The Japanese Sword Museum is exactly what you would expect—a museum dedicated to the art of Japanese swordmaking. Run by the Society for the Preservation of Japanese Art Swords, visit this museum and receive a fascinating insight into Japanese weaponry.
The collection contains many swords that have been awarded special status for their important cultural value
The Occupation Forces tried to confiscate and destroy all swords after World War II
The museum is a short walk from JR Ryogoku Station on the JR Sobu Line or the subway station of the same name on the Toei Oedo Line.
You can walk easily to the Japanese Sword Museum from JR Ryogoku Station in 5 minutes. The easiest way to find it is by walking alongside the Sumida River, passing by the Ryogoku Kokugikan sumo stadium. The museum is located inside of a small park, the Kyu-Yasuda Garden.
Unless you are a major sword enthusiast, you shouldn't need more than an hour for the museum's displays. The size of the museum makes it a quick and easy option to combine with a visit to the Ryogoku Kokugikan sumo stadium, Sumida Hokusai Museum or the Edo-Tokyo Museum.
Japanese swords were the weapons of samurai for nearly 800 years before firearms were introduced to Japan. They were wielded by aristocratic bushi with well-funded armies and fierce campaigns, peasant-farmers recruited to be warriors, and bureaucrats who were occasionally forced into battle—all are considered samurai.
These samurai all carried katana (the term for a Japanese sword), wore armor and fought hand-to-hand. But their swords differed greatly in design and functionality—something you will notice when observing the swords on display at the museum.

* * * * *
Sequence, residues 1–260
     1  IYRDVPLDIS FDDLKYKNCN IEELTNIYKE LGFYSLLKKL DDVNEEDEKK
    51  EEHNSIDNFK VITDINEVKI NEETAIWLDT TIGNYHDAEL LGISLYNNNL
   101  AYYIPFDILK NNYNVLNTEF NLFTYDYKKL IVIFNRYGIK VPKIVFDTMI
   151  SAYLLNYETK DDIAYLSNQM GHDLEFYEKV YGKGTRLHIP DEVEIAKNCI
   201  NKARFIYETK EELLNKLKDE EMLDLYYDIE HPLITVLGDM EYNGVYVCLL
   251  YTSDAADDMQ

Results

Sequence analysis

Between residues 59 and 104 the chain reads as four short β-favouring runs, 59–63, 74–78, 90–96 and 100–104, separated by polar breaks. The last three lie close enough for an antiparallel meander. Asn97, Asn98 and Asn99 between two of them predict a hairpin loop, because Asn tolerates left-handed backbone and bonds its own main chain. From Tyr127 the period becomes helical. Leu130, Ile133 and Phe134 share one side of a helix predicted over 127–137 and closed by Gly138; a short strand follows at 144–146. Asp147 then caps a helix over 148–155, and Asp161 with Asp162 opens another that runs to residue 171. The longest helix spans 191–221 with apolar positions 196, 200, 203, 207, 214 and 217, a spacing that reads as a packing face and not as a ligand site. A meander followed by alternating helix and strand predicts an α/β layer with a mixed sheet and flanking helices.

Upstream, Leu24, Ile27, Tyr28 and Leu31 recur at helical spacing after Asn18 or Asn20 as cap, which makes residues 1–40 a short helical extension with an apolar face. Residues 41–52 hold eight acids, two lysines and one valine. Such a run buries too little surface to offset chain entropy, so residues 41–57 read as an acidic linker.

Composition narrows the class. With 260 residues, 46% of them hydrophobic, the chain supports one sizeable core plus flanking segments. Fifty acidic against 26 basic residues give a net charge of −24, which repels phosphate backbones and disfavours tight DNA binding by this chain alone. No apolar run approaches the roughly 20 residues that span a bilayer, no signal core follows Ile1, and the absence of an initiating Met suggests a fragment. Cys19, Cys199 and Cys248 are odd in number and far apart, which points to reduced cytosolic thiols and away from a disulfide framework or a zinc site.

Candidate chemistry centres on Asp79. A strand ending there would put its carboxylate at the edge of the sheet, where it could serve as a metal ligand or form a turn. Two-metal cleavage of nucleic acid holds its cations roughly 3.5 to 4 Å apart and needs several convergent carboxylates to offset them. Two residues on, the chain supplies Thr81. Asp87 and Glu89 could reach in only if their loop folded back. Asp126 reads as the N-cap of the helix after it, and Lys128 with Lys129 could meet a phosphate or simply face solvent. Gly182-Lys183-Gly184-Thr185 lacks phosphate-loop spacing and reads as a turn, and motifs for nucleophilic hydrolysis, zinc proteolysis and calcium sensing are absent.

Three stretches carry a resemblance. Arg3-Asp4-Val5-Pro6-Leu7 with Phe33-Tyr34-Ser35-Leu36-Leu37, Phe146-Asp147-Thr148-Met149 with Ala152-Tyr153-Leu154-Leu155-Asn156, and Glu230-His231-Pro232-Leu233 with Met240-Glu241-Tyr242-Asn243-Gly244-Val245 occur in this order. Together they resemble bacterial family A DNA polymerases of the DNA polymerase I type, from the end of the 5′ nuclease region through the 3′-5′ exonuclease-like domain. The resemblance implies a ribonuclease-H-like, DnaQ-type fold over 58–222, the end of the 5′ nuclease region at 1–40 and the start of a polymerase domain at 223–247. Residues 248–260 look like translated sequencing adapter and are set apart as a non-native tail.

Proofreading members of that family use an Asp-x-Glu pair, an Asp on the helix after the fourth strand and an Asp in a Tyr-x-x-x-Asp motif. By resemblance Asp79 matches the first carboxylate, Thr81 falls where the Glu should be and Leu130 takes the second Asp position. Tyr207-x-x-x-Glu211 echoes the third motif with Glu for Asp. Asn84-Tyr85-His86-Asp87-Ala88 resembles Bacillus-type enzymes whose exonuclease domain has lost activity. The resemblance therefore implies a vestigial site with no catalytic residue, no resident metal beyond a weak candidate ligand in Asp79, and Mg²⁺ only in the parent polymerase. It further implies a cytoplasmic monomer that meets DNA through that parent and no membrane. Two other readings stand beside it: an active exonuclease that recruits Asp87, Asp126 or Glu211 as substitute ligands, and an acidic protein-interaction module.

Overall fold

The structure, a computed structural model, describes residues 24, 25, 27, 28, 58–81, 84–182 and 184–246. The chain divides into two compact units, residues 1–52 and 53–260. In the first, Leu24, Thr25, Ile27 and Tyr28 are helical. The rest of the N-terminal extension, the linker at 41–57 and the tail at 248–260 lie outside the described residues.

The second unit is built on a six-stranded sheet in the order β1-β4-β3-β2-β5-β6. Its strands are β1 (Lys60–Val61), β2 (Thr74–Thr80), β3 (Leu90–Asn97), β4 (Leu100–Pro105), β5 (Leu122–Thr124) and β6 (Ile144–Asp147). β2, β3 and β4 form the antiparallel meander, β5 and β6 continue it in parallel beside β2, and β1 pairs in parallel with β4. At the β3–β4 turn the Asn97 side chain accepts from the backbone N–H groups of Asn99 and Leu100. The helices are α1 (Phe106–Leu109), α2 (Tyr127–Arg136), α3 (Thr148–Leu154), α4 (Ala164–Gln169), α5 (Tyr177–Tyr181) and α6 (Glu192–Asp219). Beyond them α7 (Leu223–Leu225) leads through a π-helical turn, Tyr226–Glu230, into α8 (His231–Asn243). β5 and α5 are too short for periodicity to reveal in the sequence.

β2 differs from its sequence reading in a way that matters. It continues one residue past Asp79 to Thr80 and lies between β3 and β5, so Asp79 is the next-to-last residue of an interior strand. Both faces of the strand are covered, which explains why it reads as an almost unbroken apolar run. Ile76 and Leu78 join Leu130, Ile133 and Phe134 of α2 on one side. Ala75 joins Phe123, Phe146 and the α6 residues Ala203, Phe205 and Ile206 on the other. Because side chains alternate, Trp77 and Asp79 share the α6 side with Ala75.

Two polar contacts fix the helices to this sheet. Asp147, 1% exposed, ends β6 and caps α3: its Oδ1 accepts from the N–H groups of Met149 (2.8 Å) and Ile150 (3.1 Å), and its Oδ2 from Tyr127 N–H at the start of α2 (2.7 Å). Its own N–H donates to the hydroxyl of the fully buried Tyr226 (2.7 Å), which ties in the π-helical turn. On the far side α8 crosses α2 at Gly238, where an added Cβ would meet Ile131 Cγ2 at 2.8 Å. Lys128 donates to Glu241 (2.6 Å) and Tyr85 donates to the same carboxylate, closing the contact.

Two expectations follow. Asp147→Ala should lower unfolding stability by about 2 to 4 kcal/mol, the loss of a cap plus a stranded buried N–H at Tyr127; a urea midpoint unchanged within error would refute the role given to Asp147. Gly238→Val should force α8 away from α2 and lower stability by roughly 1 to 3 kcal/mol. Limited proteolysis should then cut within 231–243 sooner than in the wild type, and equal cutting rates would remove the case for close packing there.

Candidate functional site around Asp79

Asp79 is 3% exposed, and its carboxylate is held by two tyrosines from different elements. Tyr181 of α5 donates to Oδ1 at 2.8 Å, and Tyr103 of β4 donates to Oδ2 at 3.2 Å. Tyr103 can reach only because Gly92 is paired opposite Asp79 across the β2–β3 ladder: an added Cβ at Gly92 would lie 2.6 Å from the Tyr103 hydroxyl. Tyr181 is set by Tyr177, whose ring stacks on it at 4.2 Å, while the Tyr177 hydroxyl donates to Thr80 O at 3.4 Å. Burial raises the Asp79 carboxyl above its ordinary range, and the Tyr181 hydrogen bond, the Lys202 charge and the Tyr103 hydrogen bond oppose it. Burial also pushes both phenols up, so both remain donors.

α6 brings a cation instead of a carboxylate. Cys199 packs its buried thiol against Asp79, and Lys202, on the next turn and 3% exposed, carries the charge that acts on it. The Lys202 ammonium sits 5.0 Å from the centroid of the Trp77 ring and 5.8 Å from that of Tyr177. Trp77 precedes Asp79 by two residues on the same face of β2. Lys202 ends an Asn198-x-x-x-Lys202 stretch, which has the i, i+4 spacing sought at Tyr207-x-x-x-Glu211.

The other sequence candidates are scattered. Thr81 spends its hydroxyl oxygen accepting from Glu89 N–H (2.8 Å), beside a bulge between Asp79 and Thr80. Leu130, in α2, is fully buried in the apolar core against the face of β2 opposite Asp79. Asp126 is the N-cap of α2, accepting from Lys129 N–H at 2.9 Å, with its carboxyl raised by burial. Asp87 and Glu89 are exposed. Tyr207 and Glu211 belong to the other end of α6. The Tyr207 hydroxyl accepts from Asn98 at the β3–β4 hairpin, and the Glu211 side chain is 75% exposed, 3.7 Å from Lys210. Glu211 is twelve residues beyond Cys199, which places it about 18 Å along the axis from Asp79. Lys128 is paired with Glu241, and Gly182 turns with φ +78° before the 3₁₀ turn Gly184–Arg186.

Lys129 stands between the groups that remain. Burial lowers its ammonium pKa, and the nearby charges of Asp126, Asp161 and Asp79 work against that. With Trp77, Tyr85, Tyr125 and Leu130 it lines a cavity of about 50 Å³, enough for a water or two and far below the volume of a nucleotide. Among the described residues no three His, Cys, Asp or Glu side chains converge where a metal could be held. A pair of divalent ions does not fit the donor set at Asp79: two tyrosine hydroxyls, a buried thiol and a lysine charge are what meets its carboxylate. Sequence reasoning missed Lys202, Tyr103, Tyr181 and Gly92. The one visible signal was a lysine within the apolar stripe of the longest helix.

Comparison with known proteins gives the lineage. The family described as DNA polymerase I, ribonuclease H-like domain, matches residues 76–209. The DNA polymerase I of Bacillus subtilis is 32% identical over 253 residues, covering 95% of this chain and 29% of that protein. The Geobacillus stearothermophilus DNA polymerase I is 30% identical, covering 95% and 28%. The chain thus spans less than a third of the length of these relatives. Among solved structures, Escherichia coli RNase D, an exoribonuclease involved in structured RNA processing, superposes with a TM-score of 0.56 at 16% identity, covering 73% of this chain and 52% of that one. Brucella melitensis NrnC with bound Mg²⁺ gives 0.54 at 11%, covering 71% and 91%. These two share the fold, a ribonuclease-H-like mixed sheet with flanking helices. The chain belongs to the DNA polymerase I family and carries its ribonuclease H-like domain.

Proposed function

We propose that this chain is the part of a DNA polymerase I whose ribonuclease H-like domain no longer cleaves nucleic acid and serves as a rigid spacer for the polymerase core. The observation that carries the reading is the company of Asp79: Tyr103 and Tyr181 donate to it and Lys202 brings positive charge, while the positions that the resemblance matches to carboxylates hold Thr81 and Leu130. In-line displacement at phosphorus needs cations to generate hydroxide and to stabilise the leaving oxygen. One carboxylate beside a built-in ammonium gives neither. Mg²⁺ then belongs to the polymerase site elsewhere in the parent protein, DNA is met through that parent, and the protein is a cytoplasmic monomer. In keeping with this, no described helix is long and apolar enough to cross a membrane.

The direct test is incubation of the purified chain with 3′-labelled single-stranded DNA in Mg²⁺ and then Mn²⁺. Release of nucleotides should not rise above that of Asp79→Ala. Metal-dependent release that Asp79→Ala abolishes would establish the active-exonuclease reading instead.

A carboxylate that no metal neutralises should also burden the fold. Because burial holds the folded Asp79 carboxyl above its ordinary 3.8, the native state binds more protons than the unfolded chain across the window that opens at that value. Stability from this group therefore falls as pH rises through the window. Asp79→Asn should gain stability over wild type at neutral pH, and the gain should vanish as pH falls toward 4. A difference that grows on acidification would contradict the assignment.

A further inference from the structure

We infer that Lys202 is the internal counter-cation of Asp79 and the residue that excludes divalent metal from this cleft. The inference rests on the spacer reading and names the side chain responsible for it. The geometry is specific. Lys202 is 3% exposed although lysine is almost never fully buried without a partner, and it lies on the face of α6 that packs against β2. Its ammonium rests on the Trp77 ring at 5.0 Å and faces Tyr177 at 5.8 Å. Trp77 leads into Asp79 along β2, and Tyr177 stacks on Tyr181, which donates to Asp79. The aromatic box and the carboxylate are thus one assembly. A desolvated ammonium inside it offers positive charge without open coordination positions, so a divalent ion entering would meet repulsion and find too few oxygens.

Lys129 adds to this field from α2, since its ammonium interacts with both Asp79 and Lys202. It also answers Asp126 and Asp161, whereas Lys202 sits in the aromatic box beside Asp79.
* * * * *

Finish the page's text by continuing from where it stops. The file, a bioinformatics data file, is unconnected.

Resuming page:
The Japanese Sword Museum aims to preserve important swords and samurai artifacts, documenting the roughly 800 years of Japanese swords and their history. In addition to the swords themselves, the museum has a collection of historical documents and archives about swords and swordmaking.
The Nihon Bijutsu Token Hozon Kyokai (NBTHK-Society for the Preservation of Japanese Art Swords) was created in 1948 to save the Japanese sword, which was being threatened with extinction by the Occupation Forces, who tried to confiscate and destroy all swords after World War II.
Today, the NBTHK aims to preserve swords from a different demise. Few remaining artisans can forge, polish, and repair old katana, their parts, and other items in the samurai armory and many of these craftsmen are getting old. The society works to sustain these crafts and help people to continue to appreciate the art of Japanese swords.